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From Youtube:

enter image description here

There are three LSOs apparently working at the same time, providing indications to the pilots:

  • What is the exact role of the LSO?
  • Why three? All of them holding a wave off switch.
  • What is the reason to have pilots guiding pilots rather than a computer?
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An Landing Signal Officer (LSO) is a naval aviator with additional specialized training to better facilitate recovery operations on the ship. LSOs provide guidance for aircraft making approaches to the carrier. They monitor the approach and remain in contact with the pilot during the approach by radio.

Carrier approaches or 'passes at the boat', while analogous in technique to an approach to land at a terrestrial airport, require much more precision and have far less margin for error due to the landing area's small size (75 x 600ft). And the requirement that the jet must impact the deck on speed and on angle of attack within a small area to snag an arrester wire and trap successfully makes this even more difficult.

The Navy has adopted this policy of the landing signal officer as well trained LSOs can quickly dissect problems with the approach and alert the pilot to correct prior to the pilot even becoming aware that there is a problem developing. Particularly insidious errors like settling in the groove or settling at the ramp leading to a dangerous rampstrike or liquid landing can be spotted by the LSO before the pilot even realizes its happening.

In addition to force each pilot to perform at their best, the LSO grades each pass. Multiple LSOs observe the approach and comment on the elements of the approach e.g. Long in the Groove, a little fast, low at the ramp, etc. These are used to assign the following grades to a pass.

  • OK UNDERLINE - perfect pass, only awarded in extreme circumstances or emergencies. Worth 5 points.

  • OK - excellent approach. On lineup, speed and glidepath with minimal deviations, each corrected for quickly. Hook snagged the 3-wire. This is the best grade assigned for normal operations. Worth 4 points.

  • (OK) - A fair pass, exaggerated deviations with delayed corrections, but approach was safe and conducted properly. Worth 3 points
  • OK-BOLTER - an an OK or (OK) pass where the tailhook did not snag a cross deck pendant. Worth 2.5 points.
  • NO GRADE - Approach was safe but had gross deviations and unacceptable corrections. Worth 2 points
  • WAVEOFF - Approach terminated, either by the LSO or the pilot for a variety of unsafe reasons e.g. foul deck, PIO, etc. worth 1 point.
  • CUT PASS - Unsafe approach attempted by the pilot, generally after refusing to comply with a waveoff instruction. If you survive it, you can probably expect to have your wings clipped in a Field Naval Aviator Evaluation Board. Worth 0 points.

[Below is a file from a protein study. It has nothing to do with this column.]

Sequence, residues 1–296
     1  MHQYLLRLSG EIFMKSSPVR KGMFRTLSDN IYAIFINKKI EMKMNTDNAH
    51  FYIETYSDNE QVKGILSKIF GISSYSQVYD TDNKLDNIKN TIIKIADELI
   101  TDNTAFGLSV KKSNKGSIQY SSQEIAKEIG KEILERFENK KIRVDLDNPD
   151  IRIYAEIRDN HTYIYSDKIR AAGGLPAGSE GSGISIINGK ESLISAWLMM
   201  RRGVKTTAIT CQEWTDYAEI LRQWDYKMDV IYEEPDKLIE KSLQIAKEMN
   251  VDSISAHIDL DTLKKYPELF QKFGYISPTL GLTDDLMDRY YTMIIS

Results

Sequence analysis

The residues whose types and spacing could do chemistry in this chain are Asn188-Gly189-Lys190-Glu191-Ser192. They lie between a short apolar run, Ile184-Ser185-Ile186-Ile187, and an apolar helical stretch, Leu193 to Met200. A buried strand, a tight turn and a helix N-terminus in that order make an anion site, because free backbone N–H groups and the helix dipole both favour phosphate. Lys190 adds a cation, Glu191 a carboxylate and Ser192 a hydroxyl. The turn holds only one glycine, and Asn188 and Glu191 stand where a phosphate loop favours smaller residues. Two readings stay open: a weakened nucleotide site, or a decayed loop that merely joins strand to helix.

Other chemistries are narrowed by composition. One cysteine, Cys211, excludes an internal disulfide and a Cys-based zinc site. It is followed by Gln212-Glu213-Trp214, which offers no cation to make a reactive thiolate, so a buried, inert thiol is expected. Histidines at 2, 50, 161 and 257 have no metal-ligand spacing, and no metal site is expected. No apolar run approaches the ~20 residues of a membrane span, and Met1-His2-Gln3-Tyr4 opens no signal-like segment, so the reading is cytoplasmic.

Grades do matter. A single bad landing or a bolter will get you a razzing by your squadron mates; habitual bad landings and low grades will get you a FENAB and most likely reassignment to flying helos or to shore based aircraft.

At least four LSOs will be on hand to observe and grade landings. This 'Wave Team' will consist of a Controlling LSO, who monitors glideslope and speed, ultimately assigning the grade, a Backup LSO, generally more senior than the Controlling LSO who monitors lineup and assists with grading, and a Deck Status LSO, who monitors the condition of the deck in order to provide a waveoff alert to both the Controlling and Backup LSOs. A fourth LSO, the Airwing LSO 'Paddles CAG' will be on hand to observe and supervise the whole operation and mentoring junior level LSOs. There are two Paddles CAGs on every cruise and at least one is on the platform for every recovery.

In the photo above you have a group of LSOs observing approaches during a recovery. The wired wands that two of them hold are controllers for the waveoff and cut lights on the IFLOLS optical landing aid system to the left of the landing area. These give visual cues of mandatory instructions from the LSO for a waveoff or for the pilot to cut their engines on the approach. Each LSO is noting where the aircraft was during the approach vs where it should have been to get a consensus as to what grade and comments to assign to an approach.

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  • $\begingroup$ That's a lot of interesting elements, thanks. Would this procedure still apply during actual war operations? $\endgroup$ – mins Feb 15 '17 at 10:27
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    $\begingroup$ The procedure remains the same aux pax aux bellum. $\endgroup$ – Carlo Felicione Feb 15 '17 at 17:39
  • $\begingroup$ Excellent answer! Just to clarify and address the original question, only the primary and backup LSO hold a "pickle" or waveoff button, not three as was questioned. Also, there is always a bookwriter on the team. $\endgroup$ – Michael Hall Jul 12 '18 at 0:31

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